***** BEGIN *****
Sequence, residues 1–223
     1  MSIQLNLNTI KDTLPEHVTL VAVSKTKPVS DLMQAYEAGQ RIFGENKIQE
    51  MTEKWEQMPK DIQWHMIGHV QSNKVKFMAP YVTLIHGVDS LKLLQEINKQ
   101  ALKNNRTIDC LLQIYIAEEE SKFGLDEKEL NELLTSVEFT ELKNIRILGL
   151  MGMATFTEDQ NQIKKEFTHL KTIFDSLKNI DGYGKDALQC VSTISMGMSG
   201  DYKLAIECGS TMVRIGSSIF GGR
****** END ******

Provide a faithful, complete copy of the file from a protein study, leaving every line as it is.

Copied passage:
Sequence, residues 1–223
     1  MSIQLNLNTI KDTLPEHVTL VAVSKTKPVS DLMQAYEAGQ RIFGENKIQE
    51  MTEKWEQMPK DIQWHMIGHV QSNKVKFMAP YVTLIHGVDS LKLLQEINKQ
   101  ALKNNRTIDC LLQIYIAEEE SKFGLDEKEL NELLTSVEFT ELKNIRILGL
   151  MGMATFTEDQ NQIKKEFTHL KTIFDSLKNI DGYGKDALQC VSTISMGMSG
   201  DYKLAIECGS TMVRIGSSIF GGR